Peter MacKay, the Canadian media’s designated front-runner in the race to lead the national Conservative Party, is said to have two types of inevitability working in his favor.

First is the momentum of his personal brand. MacKay has been described as one of Canada’s “leading” Conservative politicians for nearly two decades. In 2016, he was widely floated as a potential successor to the party’s first leader, former prime minister Stephen Harper, and now again, following the resignation of Harper’s successor, Andrew Scheer. That MacKay is finally playing along gives his candidacy the air of a prophecy fulfilled.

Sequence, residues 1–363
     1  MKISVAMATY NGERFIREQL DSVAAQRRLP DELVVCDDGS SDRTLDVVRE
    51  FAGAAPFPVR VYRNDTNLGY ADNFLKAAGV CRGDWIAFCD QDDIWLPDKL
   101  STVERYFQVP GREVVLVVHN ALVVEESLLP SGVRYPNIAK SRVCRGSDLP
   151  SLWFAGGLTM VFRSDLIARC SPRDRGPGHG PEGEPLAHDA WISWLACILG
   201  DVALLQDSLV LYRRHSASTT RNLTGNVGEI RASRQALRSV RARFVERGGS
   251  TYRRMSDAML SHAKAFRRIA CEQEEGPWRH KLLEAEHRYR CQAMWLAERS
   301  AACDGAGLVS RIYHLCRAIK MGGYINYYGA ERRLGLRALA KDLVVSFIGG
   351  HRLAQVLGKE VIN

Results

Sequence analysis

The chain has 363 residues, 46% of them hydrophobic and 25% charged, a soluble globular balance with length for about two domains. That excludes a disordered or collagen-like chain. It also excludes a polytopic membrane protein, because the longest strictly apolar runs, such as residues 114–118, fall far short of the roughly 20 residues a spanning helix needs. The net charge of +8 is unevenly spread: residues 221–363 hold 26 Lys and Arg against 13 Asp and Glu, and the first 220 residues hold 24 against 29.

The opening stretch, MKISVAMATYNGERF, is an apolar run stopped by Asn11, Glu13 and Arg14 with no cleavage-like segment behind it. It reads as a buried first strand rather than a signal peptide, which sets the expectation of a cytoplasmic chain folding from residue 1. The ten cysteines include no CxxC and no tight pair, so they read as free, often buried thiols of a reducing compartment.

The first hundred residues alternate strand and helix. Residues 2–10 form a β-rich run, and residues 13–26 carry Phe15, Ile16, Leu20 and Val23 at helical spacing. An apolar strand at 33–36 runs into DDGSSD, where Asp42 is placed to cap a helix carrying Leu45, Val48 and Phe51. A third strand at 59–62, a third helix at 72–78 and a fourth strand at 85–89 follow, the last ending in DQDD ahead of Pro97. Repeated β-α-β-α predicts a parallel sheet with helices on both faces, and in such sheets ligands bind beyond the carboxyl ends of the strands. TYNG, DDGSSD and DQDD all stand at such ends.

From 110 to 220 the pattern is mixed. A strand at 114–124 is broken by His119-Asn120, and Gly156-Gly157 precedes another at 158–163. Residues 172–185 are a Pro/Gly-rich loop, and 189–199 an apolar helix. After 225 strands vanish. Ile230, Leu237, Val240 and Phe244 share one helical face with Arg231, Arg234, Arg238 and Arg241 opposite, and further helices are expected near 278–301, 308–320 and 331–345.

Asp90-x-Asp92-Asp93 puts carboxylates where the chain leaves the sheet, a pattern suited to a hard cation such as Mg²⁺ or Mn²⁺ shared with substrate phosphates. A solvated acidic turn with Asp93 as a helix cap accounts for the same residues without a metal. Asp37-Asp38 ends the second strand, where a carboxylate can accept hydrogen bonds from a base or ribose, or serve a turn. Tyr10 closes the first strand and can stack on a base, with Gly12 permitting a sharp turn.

Second is the predictable nature of his rise given current narratives surrounding his party. Critics of the Conservatives have basically one thing to say: that the party is too right-wing. They say it in every context and about every candidate in every election. It seemed unavoidable that the party would be eventually worn down and install a leader like MacKay, pulled from the party’s left flank.